Saturday, February 11, 2006

"Entirely uninterested in fancy features like stored procedures, triggers, and the like"

Here's my response to David Heinemeier Hansson's statement about being "entirely uninterested in fancy features like stored procedures, triggers, and the like" and Frank Mash's article about this issue.

MySQL simply *needs* features like Stored Procedures, User Defined Functions, Triggers etc. to be taken serious on the database market! So long has MySQL been criticized for not providing them - now as they have been introduced, it would be stupid to criticize MySQL *for* providing them.

MySQL has a very good chance to get as advanced as any other database system without losing it's simplicity. I don't think that performence will suffer a lot in the long run, because performence optimizations will certainly go on forever and will certainly overcome the speed decreases that may come from implementing new features. On the other hand, the other database systems will hardly ever have a chance to become as convenient to work with as MySQL (of course, people will always like what they are used to - if somebody has always worked with another product, he'll be more comfortable with this than with another - but for new users, MySQL is probably less painful to start with than the others).

The great thing is - people can still work with MySQL 5.0 the way that they were used to with earlier versions. They can decide whether to use the new features, or not. And that's exactly the right way for MySQL! Continuing to get as advanced as possible without breaking downward compatibility - where possible (and useful).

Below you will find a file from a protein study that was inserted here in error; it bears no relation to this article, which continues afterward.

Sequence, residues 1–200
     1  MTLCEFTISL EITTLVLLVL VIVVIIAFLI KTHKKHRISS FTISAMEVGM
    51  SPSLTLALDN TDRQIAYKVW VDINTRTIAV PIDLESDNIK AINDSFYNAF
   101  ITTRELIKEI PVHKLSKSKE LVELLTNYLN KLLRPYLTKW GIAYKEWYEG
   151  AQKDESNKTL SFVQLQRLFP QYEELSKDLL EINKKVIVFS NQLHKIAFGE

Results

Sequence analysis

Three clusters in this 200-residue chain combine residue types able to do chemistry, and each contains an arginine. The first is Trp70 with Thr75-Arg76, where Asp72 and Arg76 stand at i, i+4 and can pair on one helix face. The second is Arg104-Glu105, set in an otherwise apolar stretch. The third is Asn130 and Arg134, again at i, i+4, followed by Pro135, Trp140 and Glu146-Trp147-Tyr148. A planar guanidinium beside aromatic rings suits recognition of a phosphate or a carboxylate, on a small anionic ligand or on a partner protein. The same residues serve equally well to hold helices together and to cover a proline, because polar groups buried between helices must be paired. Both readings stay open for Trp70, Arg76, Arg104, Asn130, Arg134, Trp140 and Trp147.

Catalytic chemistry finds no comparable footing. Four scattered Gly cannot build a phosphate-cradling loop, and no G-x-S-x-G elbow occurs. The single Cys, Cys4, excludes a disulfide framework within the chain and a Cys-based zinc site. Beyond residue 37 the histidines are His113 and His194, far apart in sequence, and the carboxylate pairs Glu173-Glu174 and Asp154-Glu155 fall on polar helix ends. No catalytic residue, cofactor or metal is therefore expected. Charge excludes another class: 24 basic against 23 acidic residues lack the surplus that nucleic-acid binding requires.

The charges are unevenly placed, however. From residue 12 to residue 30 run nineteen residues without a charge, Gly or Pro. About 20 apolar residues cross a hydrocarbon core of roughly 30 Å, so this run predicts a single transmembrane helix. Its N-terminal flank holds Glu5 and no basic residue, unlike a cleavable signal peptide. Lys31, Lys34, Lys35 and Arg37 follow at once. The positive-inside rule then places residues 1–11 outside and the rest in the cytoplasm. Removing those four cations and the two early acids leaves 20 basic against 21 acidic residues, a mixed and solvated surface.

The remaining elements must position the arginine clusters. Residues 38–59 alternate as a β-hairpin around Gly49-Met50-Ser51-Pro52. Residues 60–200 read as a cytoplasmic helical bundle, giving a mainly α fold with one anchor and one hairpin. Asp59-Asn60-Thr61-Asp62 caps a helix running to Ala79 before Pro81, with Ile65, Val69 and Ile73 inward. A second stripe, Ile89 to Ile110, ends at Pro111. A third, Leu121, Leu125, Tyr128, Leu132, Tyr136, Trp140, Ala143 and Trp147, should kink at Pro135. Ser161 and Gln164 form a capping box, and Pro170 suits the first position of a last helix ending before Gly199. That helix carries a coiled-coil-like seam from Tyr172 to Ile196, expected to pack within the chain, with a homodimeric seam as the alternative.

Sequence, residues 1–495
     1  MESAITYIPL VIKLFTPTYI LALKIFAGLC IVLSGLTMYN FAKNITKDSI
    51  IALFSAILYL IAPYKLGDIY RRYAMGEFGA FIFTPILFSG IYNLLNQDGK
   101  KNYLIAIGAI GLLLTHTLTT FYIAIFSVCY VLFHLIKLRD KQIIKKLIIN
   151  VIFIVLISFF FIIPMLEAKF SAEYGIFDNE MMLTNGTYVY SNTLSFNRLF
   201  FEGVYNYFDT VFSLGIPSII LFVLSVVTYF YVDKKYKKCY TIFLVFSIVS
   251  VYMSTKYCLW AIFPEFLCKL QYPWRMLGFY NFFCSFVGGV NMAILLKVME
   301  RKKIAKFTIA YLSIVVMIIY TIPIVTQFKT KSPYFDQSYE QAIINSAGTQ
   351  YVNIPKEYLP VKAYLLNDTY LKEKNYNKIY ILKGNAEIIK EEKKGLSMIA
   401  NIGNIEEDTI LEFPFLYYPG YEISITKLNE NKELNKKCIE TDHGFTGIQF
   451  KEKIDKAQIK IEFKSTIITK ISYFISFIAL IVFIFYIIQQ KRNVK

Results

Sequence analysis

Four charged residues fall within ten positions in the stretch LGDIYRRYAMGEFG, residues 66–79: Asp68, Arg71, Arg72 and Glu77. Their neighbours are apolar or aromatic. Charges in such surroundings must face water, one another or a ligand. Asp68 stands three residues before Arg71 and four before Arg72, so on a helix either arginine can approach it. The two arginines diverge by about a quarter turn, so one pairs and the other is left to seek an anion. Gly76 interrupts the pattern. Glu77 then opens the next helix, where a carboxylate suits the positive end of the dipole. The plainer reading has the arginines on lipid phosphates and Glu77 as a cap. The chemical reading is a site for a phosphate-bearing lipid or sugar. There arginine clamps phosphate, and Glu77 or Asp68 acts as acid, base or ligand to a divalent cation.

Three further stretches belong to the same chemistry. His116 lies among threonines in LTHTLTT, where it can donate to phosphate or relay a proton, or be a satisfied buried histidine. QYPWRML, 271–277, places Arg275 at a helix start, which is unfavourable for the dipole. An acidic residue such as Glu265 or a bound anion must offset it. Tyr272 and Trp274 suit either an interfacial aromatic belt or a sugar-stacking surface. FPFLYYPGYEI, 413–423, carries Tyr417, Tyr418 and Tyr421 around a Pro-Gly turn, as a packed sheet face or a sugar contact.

However, it is very important that MySQL also makes migration from other database systems as simple as possible. MySQL plans e.g. to introduce new languages for SPs - this would be a good chance to introduce languages that are compatible to other database systems to make it easier to migrate from them to MySQL.

I certainly wouldn't like to go without the new features anymore and if MySQL wouldn't have chosen to introduce them, I would have had to consider very seriously to move completely to e.g. PostgreSQL. In fact, the introduction of these new features was even my prime motivation to get involved more deeply with MySQL and to create the project. Probably, it wouldn't have happened if MySQL hadn't chosen to implement them.

MySQL is on the right track - and I hope (and I'm very confident) that MySQL continues to stay there. Also MySQL 5.1 makes further important steps towards the right direction :-).


Frank said...

As always, a very well executed article. I was highly anticipating your response and really enjoyed reading it. I second everything you say here. SP and triggers are becoming a necessity for many DBAs and optimizations will definitely follow.

MySQL definitely needs to focus on migrations and continue to develop more feature as long as they don't break downward compatibility.

Glad to see DBAs sharing the same thoughts.


Markus Popp said...

Nice to hear that - thanks!

Oups - I forgot to add the link to your article (prepared the tags but didn't insert the URL) - but now I've added the link :-).

Frank said...

Thanks for the link Markus.

I am glad Jay is writing about it too :)


Anonymous said...

As a DBA I think the world is changing even as I type this. I see more and more where the database is only CRUD(Create, read, update & delete) and fewer people are using stored procs. It seems that eveyone wants to pull any and all logic out of the database. Slowly but surely the database is being created by the developers not a separate step by a data modeler. I think this framework helps support that.